WE THE PEOPLE: Food fight

The food cart battle continues at 86th Street and Fifth Avenue. Some merchants and citizens want to remove food carts from the intersection. Any food cart operator who discards refuse in public receptacles and sewer basins is wrong. Any person who moves street furniture to block a food cart is definitely wrong.

We should debate about food cart regulations rather than injecting emotional and divisive issues into the controversy. The food carts are popular because the inexpensive food served is good. Brick and mortar merchants can compete but are subject to more regulation and tax than the food carts. This area is part of a Business Improvement District where merchants pay extra to provide the public with more sanitation services.

Appropriate regulation for a food cart can enhance the consumer experience but also remain fair to the vendor. The popularity of the food carts draws people to the intersection but customers sometimes park vehicles on the corners although the corners are no parking areas.

There is an inconsistency and lack of clarity in the regulation of food carts by the city. They have no grading system, no regulation on signage and no clear authority to permit the cart to cross over the public sidewalk to reach a spot.

It is time for the City Council to examine the issues and pass appropriate legislation in order to make a food cart behave more like a regular business without destroying the owner’s ability to making a living. We need calm and rational debate, not heated and emotional argument. Councilmember Gentile has met with the parties and his office is working on legislative proposals to address the issue.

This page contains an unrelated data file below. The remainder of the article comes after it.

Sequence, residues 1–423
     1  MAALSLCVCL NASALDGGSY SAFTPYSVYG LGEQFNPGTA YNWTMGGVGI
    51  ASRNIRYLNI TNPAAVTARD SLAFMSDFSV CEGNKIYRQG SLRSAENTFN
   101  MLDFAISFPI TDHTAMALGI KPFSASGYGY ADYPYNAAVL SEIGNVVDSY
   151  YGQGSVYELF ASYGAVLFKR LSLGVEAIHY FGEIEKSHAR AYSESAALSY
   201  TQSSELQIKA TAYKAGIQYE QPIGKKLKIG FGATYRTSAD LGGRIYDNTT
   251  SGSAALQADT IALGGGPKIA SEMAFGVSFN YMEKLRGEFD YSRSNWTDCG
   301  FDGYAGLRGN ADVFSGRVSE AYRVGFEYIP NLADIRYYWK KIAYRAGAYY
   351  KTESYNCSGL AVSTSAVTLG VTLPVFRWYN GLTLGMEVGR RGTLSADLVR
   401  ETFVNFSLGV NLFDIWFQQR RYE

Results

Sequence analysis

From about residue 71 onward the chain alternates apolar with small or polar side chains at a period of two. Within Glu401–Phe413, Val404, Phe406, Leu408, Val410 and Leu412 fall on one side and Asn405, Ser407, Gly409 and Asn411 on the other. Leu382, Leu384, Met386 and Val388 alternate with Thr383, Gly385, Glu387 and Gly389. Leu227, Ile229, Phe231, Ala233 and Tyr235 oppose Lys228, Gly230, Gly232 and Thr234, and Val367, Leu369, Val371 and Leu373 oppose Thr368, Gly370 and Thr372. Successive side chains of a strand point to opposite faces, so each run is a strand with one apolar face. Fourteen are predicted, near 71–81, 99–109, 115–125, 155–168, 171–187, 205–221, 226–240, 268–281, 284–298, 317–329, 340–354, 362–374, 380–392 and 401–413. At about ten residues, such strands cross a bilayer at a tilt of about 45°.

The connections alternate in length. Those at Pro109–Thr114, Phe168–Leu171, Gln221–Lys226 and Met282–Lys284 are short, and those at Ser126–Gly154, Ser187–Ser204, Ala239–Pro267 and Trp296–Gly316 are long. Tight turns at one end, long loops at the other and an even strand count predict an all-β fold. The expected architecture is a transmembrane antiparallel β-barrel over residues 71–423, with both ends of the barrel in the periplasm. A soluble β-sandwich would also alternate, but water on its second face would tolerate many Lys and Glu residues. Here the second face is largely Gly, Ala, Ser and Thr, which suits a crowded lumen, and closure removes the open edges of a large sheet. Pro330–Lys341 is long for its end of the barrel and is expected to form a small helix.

Money is a poison which is killing the Tree of Liberty. Governor Cuomo must address the vital need for campaign finance reform in New York before it is too late. After he told a radio audience that money has “unbelievable” power over politics in Albany, he attended a $5,000 a plate fundraiser in Buffalo! You convinced us about that unbelievable power, Mr. Governor! Are you going to do anything about it? We need legislation to restrict the debilitating influence of money over politics in the Capitol that can withstand Constitutional review.


Looks like we will have a new 63rd State Senate district. After a census, the size and number of New York’s legislative districts are adjusted by using a population formula. The legislature used two inconsistent methods of measuring population changes to create a “need” for this additional State Senate district.

The creative math justified a 63rd Senate District which sprawls across three counties in a largely rural and Republican area near Albany. It will increase the GOP majority margin in the State Senate from its current 32-30 margin.

The proposal satisfied the Court of Appeals which did not grant relief by lawsuit because of “the Constitution’s silence on this issue and … that the legislature must be accorded a measure of discretion in these matters.”

Really! If the highest court cannot offer protection to the political process then the people must take action in the voting booth. This affront to reason and others require the people to demand straight-talking leaders who will take actual action on the issues that matter. In November the people must make wise choices if change is to come to Albany and Washington.

Brian Kieran is an attorney who works as a Principal Law Clerk in the Supreme Court of the State of New York in Kings County and is a Democrat.

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